(b) The commissioner of natural resources shall adopt rules pertaining to the reclamation of silica sand mines. The rulemaking is exempt from Minnesota Statutes, section 14.125.
(c) By January 1, 2014, the Department of Health shall adopt an air quality health-based value for silica sand.
(d) The Environmental Quality Board shall amend its rules for environmental review, adopted under Minnesota Statutes, chapter 116D, for silica sand mining and processing to take into account the increased activity in the state and concerns over the size of specific operations. The Environmental Quality Board shall consider whether
the requirements of Minnesota Statutes, section 116C.991, should remain part of the environmental review requirements for silica sand and whether the requirements should be different for different geographic areas of the state. The rulemaking is exempt from Minnesota Statutes, section 14.125.


Minnesota Department of Natural Resources_Notice of Rulemaking


EQB Request for Comments_SilicaSandMining

Minnesota Pollution Control Agency_Notice of Rulemaking

Both require public input, both have not had enough!  It’s our job to make that happen, to get local governments, grassroots groups, and members of the public hollering, kicking and screaming with specific suggestions for developing the protections for us, our communities and natural resources of the areas affected by frac sand mining.

The EQB staff proposed 500 foot setbacks from homes – here’s what that would look like at the capitol (given to me by Donna Buckbee, made by Kelly Stanage!) with the setbacks proposed:


Here’s the EQB packet:

EQB Board Packet 9-18-13

Overland_Comments_Sept 7

As you can see from my Sept 7 comments above, I was not at all happy with staff Jeff Smyser’s comments about an Advisory Committee, from what he said, he was either clueless, misdirecting/misinforming the EQB, or both.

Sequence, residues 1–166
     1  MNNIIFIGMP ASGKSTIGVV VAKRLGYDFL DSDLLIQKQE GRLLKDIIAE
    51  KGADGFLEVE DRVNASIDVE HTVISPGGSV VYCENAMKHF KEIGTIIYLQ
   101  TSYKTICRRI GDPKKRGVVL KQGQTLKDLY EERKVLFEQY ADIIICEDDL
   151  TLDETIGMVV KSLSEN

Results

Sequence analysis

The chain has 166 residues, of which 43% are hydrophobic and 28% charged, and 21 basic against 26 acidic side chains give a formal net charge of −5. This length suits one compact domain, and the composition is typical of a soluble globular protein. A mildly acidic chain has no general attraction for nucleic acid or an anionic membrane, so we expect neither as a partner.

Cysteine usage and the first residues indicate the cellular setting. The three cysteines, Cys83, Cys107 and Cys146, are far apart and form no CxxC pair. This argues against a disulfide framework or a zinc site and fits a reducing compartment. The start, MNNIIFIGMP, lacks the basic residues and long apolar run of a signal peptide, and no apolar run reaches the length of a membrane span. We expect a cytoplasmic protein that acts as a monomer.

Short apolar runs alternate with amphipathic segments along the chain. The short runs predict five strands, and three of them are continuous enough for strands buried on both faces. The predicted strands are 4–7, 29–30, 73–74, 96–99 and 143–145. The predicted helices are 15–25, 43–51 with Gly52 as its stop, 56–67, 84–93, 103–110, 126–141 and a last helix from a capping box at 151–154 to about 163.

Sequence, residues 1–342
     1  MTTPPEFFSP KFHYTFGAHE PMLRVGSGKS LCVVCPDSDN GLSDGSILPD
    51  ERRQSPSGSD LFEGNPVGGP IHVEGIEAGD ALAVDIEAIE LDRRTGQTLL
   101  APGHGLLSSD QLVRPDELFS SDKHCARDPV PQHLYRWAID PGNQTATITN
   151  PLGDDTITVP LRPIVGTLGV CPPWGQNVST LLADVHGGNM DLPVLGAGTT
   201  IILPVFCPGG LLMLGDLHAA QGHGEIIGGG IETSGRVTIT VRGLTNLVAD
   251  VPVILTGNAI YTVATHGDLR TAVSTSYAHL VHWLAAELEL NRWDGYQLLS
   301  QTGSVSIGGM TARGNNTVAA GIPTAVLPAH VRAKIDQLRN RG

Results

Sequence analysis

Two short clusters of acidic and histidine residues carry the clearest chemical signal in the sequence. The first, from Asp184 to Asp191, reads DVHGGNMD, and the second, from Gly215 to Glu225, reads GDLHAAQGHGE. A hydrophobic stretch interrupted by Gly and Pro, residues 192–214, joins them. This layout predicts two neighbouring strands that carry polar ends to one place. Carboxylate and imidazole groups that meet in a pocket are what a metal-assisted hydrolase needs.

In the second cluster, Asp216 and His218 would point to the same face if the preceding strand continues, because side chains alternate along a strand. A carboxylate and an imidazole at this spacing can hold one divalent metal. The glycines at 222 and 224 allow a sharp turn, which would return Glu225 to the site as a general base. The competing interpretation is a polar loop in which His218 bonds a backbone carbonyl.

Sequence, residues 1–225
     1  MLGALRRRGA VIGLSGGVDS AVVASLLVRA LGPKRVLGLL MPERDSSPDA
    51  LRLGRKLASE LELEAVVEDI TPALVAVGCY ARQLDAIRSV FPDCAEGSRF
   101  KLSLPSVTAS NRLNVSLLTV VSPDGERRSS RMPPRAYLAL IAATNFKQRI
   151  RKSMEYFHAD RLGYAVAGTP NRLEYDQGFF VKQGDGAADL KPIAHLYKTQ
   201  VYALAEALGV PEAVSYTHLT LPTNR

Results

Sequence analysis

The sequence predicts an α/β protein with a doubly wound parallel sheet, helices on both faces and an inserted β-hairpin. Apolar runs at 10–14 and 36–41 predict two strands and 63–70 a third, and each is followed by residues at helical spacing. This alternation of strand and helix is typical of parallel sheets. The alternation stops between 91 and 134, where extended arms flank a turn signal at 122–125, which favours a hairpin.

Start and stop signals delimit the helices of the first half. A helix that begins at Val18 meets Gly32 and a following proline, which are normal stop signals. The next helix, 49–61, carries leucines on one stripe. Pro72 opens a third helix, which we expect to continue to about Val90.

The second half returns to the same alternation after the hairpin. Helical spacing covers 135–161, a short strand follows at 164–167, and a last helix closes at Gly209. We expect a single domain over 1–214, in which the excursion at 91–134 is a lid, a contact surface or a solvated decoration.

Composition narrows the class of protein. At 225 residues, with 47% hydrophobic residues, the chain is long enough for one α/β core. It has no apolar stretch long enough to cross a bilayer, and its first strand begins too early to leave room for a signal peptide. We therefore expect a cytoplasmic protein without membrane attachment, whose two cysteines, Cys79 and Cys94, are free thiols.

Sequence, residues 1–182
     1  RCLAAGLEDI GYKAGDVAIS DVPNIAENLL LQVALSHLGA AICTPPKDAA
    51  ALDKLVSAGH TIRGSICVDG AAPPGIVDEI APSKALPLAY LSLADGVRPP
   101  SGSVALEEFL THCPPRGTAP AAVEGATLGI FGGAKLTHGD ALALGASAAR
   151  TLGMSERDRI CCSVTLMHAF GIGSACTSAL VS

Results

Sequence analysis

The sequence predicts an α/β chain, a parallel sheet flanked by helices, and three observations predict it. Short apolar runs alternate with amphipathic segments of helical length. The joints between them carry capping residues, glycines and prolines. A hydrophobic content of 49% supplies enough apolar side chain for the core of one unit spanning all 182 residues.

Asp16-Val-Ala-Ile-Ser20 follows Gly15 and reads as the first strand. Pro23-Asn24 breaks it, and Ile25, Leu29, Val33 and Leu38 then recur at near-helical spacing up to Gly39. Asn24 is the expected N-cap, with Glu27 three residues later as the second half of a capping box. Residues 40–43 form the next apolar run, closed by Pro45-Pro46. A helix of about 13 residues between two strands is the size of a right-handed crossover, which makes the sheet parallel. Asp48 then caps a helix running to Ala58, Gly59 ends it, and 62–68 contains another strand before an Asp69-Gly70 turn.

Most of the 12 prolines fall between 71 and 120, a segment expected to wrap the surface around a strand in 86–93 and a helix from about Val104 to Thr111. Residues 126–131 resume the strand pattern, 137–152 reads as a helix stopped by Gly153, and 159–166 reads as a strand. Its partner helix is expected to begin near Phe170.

From the packet, p. 6 of 34:

C. Rulemaking: The Minnesota Legislature also directed the EQB to amend the environmental review rules (Minn. Rules 4410) for silica sand mining and processing to take into account the increased activity in the state and concerns over the size of specific operations. The request for comments regarding the potential rulemaking ended on August 23, 2013. EQB staff received 23 comments. These comments have been documented and routed to agency staff for review.

i. Staff requests Board direction on a question that arose at the August 2nd public meetings.
Members of the public expressed interest in a citizen committee to participate in the rulemaking. It is not clear how a citizen committee would affect the rulemaking process laid out in Minn. Statutes Ch. 14. A multi-step public review and comment process is already required in that statute and we just completed the preliminary step. Rulemaking is essentially creating law: Minnesota Rules have the force and effect of law. Rulemaking is a lengthy process, averaging about two years.

“It is not clear…”  NO NO NO!  For someone in Smyser’s position, there’s no excuse for statements like this.  The statute is very clear about the agencies’ authority to appoint an Advisory Committees and how an advisory committee it would affect rulemaking – it improves the output by providing input before the draft rule is issued:


Subd. 2.Advisory committees.

Each agency may also appoint committees to comment, before publication of a notice of intent to adopt or a notice of hearing, on the subject matter of a possible rulemaking under active consideration within the agency.

Not good… and WORSE when Smyser repeated that line at the meeting, I almost got up and hollered, but I got a chance to make a comment during the meeting, so I waited until then.  Earth to EQB, Advisory Committees are common, the norm, in rulemaking proceedings, so get with it!!  You’ve got a rulemaking mandate and you need to get moving on it.

The staff had asked for “direction” on a rulemaking committee in their comments in the packet, and the Board never did say anything about it, no discussion and no recommendation.